Consumers are more concerned than ever that the products they buy are environmentally-conscious, so a Good Housekeeping-type stamp of approval may be a good offering to many advertisers. EcoMedia, a new division of CBS Corp., now offers “EcoAds” to advertisers across the company’s platforms. When a viewer sees an ad featuring the EcoAd leaf, it will serve as a visual “green stamp of approval” signifying the brand that paid for the ad is sponsoring environmental projects such as solar installations, energy efficiency retrofits or the “greening” of schools, affordable housing and municipal buildings. Paul Polizzotto is the President of EcoMedia.
EcoAds are now available to clients across all CBS platforms, offering them a tangible way to improve the environment and the communities they serve as part of their CBS ad buy. A promotional effort educating viewers about the power of the EcoAd Leaf debuted on the CBS Television Network 1/10 and across other CBS properties. The EcoAds themselves will begin airing in local CBS markets next week. EcoAd packages will be available to clients across CBS platforms, including network, local television, radio, outdoor and online.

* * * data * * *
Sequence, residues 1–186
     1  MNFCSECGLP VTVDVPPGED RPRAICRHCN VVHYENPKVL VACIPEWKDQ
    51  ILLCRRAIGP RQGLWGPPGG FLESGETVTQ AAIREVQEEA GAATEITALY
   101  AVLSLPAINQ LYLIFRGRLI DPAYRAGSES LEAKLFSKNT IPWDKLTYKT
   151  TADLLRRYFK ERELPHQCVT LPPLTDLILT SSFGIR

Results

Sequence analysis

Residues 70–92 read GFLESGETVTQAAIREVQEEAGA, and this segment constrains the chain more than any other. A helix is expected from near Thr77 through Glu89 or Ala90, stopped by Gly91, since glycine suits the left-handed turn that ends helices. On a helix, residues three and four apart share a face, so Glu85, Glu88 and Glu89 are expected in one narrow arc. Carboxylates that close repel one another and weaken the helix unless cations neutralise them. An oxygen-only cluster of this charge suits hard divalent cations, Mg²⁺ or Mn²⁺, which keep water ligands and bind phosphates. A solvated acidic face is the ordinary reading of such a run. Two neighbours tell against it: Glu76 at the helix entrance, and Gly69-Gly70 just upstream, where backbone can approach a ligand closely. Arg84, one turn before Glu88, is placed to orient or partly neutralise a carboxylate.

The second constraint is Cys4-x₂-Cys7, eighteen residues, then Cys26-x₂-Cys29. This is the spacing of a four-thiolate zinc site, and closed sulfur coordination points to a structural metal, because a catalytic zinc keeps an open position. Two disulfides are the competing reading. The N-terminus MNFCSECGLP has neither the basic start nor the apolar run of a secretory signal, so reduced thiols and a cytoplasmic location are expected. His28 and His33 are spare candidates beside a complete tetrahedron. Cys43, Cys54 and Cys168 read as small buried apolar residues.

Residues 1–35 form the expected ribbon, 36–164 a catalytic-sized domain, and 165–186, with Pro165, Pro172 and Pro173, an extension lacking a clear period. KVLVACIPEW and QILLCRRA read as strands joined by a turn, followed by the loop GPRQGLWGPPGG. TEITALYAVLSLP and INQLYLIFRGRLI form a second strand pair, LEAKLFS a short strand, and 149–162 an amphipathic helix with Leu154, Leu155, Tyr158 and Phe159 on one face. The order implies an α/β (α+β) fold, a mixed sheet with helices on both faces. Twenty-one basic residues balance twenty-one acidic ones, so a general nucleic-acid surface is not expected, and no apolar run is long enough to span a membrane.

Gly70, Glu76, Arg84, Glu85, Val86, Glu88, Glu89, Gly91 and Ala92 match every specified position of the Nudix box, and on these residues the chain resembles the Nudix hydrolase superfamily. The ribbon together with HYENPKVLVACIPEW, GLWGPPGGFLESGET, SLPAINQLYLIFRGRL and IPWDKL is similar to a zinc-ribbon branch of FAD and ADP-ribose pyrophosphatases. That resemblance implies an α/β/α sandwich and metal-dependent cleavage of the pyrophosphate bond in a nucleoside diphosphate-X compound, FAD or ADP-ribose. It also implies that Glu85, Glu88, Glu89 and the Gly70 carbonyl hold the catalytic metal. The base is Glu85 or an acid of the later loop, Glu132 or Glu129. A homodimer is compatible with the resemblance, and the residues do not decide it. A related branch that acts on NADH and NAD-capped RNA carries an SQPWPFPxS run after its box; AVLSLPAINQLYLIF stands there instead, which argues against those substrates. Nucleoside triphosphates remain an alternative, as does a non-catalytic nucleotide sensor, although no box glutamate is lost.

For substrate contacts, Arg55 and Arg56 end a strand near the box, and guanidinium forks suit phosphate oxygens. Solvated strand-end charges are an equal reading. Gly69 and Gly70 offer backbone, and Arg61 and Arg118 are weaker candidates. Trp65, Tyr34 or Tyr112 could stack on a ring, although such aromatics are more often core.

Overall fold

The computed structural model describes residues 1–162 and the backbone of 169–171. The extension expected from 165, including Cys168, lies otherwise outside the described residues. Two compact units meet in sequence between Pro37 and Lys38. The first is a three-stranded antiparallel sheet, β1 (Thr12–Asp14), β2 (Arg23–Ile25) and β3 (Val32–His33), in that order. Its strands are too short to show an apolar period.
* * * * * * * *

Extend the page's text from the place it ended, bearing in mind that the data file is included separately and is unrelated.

Launch advertisers and partners include Chevrolet, Safeway, O Organics, SunPower Corp., Boston Scientific, PG&E, Massachusetts Clean Energy Center, Pacific Coast Termite, Port of Los Angeles and International Brotherhood of Electrical Workers and Avidia Bank.
Polizzotto tells RBR-TVBR about the Chevrolet Volt campaign (which just won North American Car of the Year at the Detroit Auto Show) in the Dallas-Ft. Worth market. The effort utilized all of CBS Corp. assets in that market. “They were looking for greater context and wanted to talk about the green aspects of the car in a way where the viewer could experience green themselves in the communities they lived in. Chevy has a tie-in with Little League baseball. So we found a way for them to improve parks where the little league teams associated with their dealer groups played baseball. We were able to take a portion of their ad spend and do a solar installation at one of these parks; energy-efficient lighting and are building new bathrooms to new [green] certifications.”
And then it became a Chevy Volt park.
RBR-TVBR observation: The move made that park 10 times the size it was going to be; created jobs; saved the local municipality money; saved taxpayers money and improved the quality of life—all from advertising in the Dallas-Ft. Worth area. Talk about bang for your buck!